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Ragwort weed poses deadly danger to horses 

Credit:  By Paul Tully, The Journal, www.journallive.co.uk 13 August 2010 ~~

Furious farmer Philip Lee is faced with the spreading menace of common ragwort, but can do little to protect his 40 horses.

The field next to Mr Lee’s livery business in Seaton, East Durham, is overrun with the poisonous weed. But because the field is privately-owned, he cannot go onto it to remove the ragwort. South Sharpley Farm is owned by a Cornish power company and has stood unused since an application for three wind turbines was turned down last Christmas.

Now Mr Lee, of adjacent Haverley House Farm, says: “The ragwort is running riot. And my horses are separated from it only by the width of a barbed wire fence.”

Common ragwort is known to attack the liver of horses if eaten and is frequently fatal. Livestock such as cattle and sheep are also at risk.

Mr Lee adds: “The only thing I can do at the moment is rope it off and stretch my arm through the boundary fence to pull enough out to keep it out of reach of my horses.

“Everyone knows the danger it carries for horses. It’s a noxious weed and we are obliged under cost compliance laws to do something about it, otherwise they will come back at us for doing nothing.

“But what can I do? It’s something for the landowners or the council to do something about. I can’t.”

Cornwall Light and Power Ltd, based in Truro, purchased South Sharply four years ago and originally applied for nine wind turbines, later reducing the application to three. It already operated two turbines at nearby High Sharpley.

Durham County Council turned them down in December 2009 and on Christmas Eve that year wrote to Mr Lee to inform him.

“But since then nothing has happened,” Mr Lee said.

“There are about 80 acres and it’s covered in ragwort, which is spreading all the time. You can’t spray when there are horses around and if I did, it would cost about £2,000.

“I’ve made contact with CLP through our agent, but nothing at all has been done.”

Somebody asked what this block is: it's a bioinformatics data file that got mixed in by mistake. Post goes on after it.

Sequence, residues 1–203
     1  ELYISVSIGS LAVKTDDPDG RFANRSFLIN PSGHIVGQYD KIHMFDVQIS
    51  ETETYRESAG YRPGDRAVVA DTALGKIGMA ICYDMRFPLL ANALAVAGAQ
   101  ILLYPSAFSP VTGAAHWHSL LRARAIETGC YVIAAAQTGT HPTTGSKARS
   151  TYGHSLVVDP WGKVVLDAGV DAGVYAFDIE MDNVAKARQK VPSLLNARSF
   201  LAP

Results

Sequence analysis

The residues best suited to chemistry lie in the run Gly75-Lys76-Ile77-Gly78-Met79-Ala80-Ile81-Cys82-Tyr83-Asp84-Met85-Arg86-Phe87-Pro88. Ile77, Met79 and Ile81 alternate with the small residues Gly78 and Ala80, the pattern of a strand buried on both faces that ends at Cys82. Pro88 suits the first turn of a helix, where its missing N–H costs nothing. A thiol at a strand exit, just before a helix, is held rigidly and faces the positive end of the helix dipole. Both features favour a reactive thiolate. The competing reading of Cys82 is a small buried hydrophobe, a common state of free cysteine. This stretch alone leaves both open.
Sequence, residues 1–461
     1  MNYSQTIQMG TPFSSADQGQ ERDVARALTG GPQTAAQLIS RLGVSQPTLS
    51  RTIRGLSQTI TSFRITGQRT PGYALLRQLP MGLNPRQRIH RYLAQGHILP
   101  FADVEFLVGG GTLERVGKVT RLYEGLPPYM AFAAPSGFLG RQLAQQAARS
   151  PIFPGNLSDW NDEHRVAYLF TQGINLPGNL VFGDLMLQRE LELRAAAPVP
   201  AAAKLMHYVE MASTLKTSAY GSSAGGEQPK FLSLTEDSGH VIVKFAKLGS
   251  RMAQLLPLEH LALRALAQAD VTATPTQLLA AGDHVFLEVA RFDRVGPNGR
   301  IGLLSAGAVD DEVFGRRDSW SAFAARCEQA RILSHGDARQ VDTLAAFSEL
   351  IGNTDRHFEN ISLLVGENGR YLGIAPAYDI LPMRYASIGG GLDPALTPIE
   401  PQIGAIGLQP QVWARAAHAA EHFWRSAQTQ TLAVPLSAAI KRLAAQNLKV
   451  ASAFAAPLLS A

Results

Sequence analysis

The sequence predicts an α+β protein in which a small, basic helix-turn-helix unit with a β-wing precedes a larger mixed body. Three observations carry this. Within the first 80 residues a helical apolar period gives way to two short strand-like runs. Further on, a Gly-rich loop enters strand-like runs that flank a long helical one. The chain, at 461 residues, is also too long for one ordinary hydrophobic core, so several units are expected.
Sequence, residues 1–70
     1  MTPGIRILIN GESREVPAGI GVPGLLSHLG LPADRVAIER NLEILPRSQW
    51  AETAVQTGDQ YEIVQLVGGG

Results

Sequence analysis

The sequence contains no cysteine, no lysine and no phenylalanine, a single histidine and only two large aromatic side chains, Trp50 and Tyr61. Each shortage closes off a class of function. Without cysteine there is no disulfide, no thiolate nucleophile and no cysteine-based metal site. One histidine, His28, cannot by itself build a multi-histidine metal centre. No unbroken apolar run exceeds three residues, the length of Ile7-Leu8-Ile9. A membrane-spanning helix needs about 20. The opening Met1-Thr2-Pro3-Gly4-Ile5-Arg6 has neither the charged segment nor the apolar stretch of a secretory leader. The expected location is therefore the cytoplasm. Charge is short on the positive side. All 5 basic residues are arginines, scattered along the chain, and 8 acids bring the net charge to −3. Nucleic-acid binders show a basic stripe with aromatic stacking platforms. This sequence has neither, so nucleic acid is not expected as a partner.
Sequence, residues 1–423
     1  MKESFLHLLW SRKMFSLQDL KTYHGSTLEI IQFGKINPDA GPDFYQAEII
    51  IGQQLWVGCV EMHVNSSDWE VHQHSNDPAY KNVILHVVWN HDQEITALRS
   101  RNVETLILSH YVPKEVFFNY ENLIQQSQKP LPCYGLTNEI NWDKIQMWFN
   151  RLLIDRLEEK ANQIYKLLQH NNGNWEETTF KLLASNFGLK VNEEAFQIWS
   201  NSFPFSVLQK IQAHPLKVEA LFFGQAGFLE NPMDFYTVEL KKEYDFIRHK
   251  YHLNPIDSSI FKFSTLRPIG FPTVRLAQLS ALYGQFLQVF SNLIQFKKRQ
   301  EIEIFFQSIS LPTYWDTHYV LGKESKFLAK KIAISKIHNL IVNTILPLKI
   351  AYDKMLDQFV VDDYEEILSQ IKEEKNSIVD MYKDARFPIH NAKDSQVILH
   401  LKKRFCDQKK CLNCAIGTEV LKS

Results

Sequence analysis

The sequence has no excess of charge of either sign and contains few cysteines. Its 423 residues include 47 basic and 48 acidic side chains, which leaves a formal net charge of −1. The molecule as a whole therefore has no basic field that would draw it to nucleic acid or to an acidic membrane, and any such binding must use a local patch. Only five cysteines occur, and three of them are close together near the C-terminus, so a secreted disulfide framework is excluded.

Bob Morgan, development manager at CLP Wind Projects, who hoped to power 4,850 extra homes in the region, was unavailable for comment last night, but said in December: “We continue to believe that this site is well-suited for a wind power development.

“We remain optimistic that we can work with the local community to find a solution that the majority find acceptable.

“We will be exploring the available options before deciding what action to take in the New Year and will ensure that the local community is updated in due course.”

Source:  By Paul Tully, The Journal, www.journallive.co.uk 13 August 2010

This article is the work of the source indicated. Any opinions expressed in it are not necessarily those of National Wind Watch.

The copyright of this article resides with the author or publisher indicated. As part of its noncommercial educational effort to present the environmental, social, scientific, and economic issues of large-scale wind power development to a global audience seeking such information, National Wind Watch endeavors to observe “fair use” as provided for in section 107 of U.S. Copyright Law and similar “fair dealing” provisions of the copyright laws of other nations. Send requests to excerpt, general inquiries, and comments via e-mail.

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